But what is a "Western"? Can it even be encompassed by the term "genre"? Is it not bigger than that?
The American Film Institute defines a Western film as one "set in the American West that embodies the spirit, the struggle and the demise of the new frontier."
The above-mentioned article talks about the "timeless pleasures" Westerns provide: "tough guy heroes, action set pieces on horseback, adventures in magnificent landscapes, good triumphing over evil..."
For me, a Western is any movie, TV show or book which depicts an individual or small group battling to survive in some kind of frontier. Ideally, it will include two or more of the following ingredients:
c) Native Americans
Is the Western really dying? Using the above as my criteria I have chosen my top eleven Westerns films or TV shows from the past decade, viz: 2003 - 2013. I have listed them from oldest to newest.
|montage of my fave Westerns 2003-2013 by Richard Russell Lawrence|
1. Firefly (TV 2002-2003)
This short-lived, much-loved Joss Whedon television show was a great example of a Western set in space, the "new frontier" in the tradition of Star Wars. It has all five of my ingredients (though Native Americans are only glimpsed in a crowd scene in episode one.) Probably the wittiest of my eleven choices. Certainly the most fun.
2. Open Range (2003)
This is the only Western on my list that involves cattle or cowboys, which are absolutely NOT necessary for a Western. Open Range was laudable in its attempts to go for realism (e.g. a horse is killed in a shootout) and for the sublime Robert Duvall, but was bleached to bones by the blazing brilliance of the Deadwood sets, costumes and characters.
3. Deadwood (TV 2004-2006)
The best of the lot. The first few scenes of this magnificent, misguided HBO TV series made me jump to my feet and yell "THAT's what it would have been like!" Deadwood is probably responsible for the past decade's mini-revival (or death throes!) of the Western genre. It is the quintessential Western, pitting loner misfits against the wilderness, greedy men and their own fatal flaws. Why "misguided"? It could have run for years but creator Milch sank it with expletives in an attempt to make it feel authentic. This goes to show what a minefield of political incorrectness the Western genre can be.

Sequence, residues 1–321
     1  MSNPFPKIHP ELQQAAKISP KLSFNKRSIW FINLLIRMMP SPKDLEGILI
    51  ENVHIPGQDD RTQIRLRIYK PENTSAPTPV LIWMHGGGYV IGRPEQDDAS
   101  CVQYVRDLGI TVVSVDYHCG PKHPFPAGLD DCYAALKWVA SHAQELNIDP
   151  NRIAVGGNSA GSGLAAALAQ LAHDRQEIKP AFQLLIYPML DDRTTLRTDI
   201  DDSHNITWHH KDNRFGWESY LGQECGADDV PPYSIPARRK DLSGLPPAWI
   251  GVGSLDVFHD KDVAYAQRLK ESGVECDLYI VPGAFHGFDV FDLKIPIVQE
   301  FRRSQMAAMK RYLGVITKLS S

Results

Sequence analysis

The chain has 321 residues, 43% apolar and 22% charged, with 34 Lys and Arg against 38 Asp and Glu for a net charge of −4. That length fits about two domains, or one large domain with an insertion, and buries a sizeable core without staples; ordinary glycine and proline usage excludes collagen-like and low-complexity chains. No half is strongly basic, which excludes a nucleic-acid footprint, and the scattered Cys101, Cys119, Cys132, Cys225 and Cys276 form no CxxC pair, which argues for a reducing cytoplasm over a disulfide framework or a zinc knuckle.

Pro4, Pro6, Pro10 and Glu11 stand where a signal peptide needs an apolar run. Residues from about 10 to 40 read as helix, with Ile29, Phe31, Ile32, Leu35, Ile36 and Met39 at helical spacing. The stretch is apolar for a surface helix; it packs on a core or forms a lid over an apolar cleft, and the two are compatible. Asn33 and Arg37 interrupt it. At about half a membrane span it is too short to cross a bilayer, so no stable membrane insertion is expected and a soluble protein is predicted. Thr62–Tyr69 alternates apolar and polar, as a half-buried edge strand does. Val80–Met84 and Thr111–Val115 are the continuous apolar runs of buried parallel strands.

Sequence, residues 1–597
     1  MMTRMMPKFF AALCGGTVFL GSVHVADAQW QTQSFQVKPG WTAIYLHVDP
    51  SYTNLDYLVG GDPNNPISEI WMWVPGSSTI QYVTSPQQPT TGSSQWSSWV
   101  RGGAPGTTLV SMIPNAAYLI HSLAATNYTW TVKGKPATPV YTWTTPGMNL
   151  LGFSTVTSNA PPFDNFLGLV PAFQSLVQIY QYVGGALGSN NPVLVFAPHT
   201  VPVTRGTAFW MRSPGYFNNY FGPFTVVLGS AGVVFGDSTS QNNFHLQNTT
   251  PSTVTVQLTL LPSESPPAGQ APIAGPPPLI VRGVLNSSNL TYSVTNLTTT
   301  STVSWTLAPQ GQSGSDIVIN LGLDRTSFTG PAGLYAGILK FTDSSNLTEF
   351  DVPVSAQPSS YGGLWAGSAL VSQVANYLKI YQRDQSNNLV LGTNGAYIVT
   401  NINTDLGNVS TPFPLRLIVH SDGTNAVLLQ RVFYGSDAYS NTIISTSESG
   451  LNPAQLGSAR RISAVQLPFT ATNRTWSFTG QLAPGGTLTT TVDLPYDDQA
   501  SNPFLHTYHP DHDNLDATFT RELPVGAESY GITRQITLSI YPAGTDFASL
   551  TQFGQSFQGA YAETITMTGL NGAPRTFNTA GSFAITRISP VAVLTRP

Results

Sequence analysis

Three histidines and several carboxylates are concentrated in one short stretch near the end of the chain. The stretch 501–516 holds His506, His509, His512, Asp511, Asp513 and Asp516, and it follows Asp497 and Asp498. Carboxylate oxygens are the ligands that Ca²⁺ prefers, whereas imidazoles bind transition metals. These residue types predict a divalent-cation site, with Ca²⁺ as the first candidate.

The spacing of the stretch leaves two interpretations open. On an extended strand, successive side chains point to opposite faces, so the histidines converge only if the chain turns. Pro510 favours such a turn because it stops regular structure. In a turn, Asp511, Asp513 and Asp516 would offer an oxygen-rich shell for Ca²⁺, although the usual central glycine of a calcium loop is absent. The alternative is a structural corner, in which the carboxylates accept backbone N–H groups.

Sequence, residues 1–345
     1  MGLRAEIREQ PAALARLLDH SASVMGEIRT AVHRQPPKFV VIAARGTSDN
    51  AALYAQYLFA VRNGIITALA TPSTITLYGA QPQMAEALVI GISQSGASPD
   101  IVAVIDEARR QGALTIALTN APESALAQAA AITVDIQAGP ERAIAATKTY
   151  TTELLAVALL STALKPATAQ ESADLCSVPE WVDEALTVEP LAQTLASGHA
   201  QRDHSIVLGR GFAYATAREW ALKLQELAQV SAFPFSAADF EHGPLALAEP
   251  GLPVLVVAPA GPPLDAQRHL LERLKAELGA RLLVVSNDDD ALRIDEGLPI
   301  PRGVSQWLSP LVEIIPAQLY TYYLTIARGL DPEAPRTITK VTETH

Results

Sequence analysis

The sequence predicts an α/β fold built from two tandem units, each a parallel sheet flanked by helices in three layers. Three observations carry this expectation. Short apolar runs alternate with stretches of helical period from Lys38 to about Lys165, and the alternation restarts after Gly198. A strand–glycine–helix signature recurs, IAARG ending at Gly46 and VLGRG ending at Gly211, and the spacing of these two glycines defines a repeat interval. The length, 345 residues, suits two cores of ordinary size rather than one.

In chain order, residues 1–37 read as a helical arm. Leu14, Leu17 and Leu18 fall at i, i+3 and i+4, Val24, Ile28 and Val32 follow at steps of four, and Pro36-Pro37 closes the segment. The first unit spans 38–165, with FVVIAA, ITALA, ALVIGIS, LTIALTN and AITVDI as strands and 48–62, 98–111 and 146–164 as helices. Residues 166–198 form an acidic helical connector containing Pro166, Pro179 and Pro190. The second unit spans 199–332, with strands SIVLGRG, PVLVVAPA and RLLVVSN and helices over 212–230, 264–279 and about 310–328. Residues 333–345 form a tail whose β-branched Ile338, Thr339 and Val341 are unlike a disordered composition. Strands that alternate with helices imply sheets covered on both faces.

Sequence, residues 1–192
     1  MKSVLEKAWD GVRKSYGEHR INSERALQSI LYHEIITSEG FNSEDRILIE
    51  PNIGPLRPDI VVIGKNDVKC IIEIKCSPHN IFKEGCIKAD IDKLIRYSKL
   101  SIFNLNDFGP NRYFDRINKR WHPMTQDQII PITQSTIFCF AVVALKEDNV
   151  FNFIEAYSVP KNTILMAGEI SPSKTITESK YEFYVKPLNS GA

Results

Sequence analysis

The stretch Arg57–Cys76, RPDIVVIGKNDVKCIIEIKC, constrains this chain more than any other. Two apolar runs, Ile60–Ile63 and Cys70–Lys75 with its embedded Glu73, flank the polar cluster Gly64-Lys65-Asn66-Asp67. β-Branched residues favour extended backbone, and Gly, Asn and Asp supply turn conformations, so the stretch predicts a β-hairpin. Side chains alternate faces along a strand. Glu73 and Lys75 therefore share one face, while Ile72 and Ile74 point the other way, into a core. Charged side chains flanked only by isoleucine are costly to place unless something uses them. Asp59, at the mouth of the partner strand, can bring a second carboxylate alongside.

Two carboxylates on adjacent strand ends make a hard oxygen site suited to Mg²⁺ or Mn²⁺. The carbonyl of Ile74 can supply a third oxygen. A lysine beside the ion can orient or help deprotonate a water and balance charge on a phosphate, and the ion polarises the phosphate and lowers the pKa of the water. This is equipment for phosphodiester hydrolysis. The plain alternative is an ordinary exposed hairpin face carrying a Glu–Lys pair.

4. The Proposition (2005)
Here's a great example of a Western set in Australia, but it totally works. Brutal, mysterious and with Ray Winstone. What's not to like? The opening gun battle is like nothing I've seen on film before and the story has more twists and turns than The Sixth Sense.
5. Seraphim Falls (2006)
With nods to The Outlaw Josey Wales and Unforgiven, this is an overlooked gem. The action ranges across mountains and deserts and features a surreal cameo by Angelica Huston as a Snake-oil Saleswoman. I don't care if the critics panned it. I loved it.
6. No Country for Old Men (2007)
Cormac McCarthy's book faithfully transported to screen by the Coen Brothers. A "modern" Western with sagebrush dry humour and a world-view as bleak as the West Texas desert.
7. Breaking Bad (TV 2008-2013)
The best TV show of the decade, I'm calling this a Western on account of its stunning desert landscapes and (New) Mexican cartel drug lords scarier than any Comanche Indians. As with many later Westerns, the protagonists are the outlaws. Plenty of desert sunsets, shootouts and showdowns. And did I mention the New Mexico desert?
8. Meek's Cutoff (2010)
I found this film infuriating when I first saw it on account of its "lack of ending". I stomped home to look up the background history of the real pioneers it's based on. That was when I realised the genius of Kelly Reichardt's approach. The life of an American settler was in constant limbo with no knowledge of what the next day or even hour might bring. Reichardt's constrained screen aspect mimics the blinkered viewpoint of seeing the world through the tunnel of a "poke bonnet" and the muffled dialogue of the men frustratingly conveys how much women were sidelined. An encounter with a Native American is fraught with misunderstanding and confusion. Haunting, unforgettable and stripped of all romance, Meek's Cutoff is probably the most realistic "taste" of the West the way it was.